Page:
This material has been prepared by Nikko Asset Management Europe Ltd (NAM Europe) which is authorised and regulated in the United Kingdom by the FCA. This material is issued in Australia by Yara Capital Management Limited (formerly Nikko AM Limited) ABN 99 003 376 252, AFSL 237563. To the extent that any statement in this material constitutes general advice under Australian law, the advice is provided by Yara Capital Management Limited. NAM Europe does not hold an AFS Licence. Effective 12 April 2021, Yara Capital Management Limited became part of the Yarra Capital Management Group (refer here for further information). The information contained in this material is of a general nature only and does not constitute personal advice, nor does it constitute an offer of any financial product. It is for the use of researchers, licensed financial advisers and their authorised representatives, and does not take into account the objectives, financial situation or needs of any individual. For this reason, you should, before acting on this material, consider the appropriateness of the material, having regard to your objectives, financial situation and needs. The information in this material has been prepared from what is considered to be reliable information, but the accuracy and integrity of the information is not guaranteed. Figures, charts, opinions and other data, including statistics, in this material are current as at the date of publication, unless stated otherwise. The graphs and figures contained in this material include either past or backdated data, and make no promise of future investment returns. Past performance is not an indicator of future performance. Any economic or market forecasts are not guaranteed. Any references to particular securities or sectors are for illustrative purposes only and are as at the date of publication of this material. This is not a recommendation in relation to any named securities or sectors and no warranty or guarantee is provided.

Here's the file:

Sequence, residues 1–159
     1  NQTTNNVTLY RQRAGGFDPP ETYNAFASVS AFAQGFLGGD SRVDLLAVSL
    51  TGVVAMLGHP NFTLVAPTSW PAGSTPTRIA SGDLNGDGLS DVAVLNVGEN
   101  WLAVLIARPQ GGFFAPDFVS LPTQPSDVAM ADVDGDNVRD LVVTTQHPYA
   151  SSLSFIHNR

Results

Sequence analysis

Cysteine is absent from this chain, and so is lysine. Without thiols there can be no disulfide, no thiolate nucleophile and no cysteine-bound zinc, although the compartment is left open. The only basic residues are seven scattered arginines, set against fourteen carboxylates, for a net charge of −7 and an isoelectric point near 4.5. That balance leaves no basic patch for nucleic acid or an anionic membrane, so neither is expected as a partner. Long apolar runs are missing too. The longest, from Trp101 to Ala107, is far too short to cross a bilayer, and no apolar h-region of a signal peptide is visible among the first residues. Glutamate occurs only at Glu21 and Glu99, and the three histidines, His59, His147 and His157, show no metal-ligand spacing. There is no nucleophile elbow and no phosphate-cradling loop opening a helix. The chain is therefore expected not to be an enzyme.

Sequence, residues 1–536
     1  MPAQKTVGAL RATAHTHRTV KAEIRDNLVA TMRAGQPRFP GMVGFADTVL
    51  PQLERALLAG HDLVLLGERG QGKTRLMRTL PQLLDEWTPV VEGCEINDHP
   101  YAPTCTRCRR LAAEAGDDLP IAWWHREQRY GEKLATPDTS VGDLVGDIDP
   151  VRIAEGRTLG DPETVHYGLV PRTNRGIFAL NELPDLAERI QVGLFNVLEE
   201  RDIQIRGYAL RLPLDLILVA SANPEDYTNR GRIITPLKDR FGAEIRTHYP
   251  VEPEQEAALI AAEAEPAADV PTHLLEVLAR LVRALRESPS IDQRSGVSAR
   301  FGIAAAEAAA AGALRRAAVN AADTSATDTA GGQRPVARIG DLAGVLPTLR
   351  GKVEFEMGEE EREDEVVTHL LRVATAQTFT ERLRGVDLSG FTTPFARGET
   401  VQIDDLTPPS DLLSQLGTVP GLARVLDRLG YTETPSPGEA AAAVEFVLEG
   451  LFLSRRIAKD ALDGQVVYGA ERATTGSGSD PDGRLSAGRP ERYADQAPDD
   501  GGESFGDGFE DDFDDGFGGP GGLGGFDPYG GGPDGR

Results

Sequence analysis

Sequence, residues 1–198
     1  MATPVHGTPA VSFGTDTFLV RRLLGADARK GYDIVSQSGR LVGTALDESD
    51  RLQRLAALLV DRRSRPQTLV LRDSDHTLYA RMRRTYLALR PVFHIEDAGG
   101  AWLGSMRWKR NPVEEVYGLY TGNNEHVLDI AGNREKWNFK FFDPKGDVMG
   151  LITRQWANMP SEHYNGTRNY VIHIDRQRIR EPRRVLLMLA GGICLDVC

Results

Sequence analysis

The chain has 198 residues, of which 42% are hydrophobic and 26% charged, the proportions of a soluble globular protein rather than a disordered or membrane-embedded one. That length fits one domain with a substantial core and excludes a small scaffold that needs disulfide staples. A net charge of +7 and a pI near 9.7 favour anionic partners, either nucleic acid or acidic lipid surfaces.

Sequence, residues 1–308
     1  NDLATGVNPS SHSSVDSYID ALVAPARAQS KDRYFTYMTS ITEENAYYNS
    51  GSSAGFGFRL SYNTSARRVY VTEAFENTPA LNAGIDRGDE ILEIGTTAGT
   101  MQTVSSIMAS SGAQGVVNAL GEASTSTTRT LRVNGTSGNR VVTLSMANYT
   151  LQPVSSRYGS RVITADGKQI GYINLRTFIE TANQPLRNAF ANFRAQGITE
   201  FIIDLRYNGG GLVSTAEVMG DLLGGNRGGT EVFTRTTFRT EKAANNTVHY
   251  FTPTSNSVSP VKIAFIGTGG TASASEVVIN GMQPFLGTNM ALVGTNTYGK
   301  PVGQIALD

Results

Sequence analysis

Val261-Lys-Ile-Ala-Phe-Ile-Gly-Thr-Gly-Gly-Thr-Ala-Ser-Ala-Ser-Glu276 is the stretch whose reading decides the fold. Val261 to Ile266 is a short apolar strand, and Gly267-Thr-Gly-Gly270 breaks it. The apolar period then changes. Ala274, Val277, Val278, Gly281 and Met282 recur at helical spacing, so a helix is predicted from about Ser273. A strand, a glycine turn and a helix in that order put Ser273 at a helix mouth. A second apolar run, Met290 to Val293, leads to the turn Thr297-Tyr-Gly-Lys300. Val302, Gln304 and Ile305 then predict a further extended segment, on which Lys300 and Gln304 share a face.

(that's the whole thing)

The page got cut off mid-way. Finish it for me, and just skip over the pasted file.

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Greig Bryson
Portfolio Manager
Nikko AM

Greig joined Nikko AM in August 2014 and is a Portfolio Manager in the Global Equity team. Before joining Nikko AM, he was an Investment Director at SWIP, responsible for the management of European and UK mandates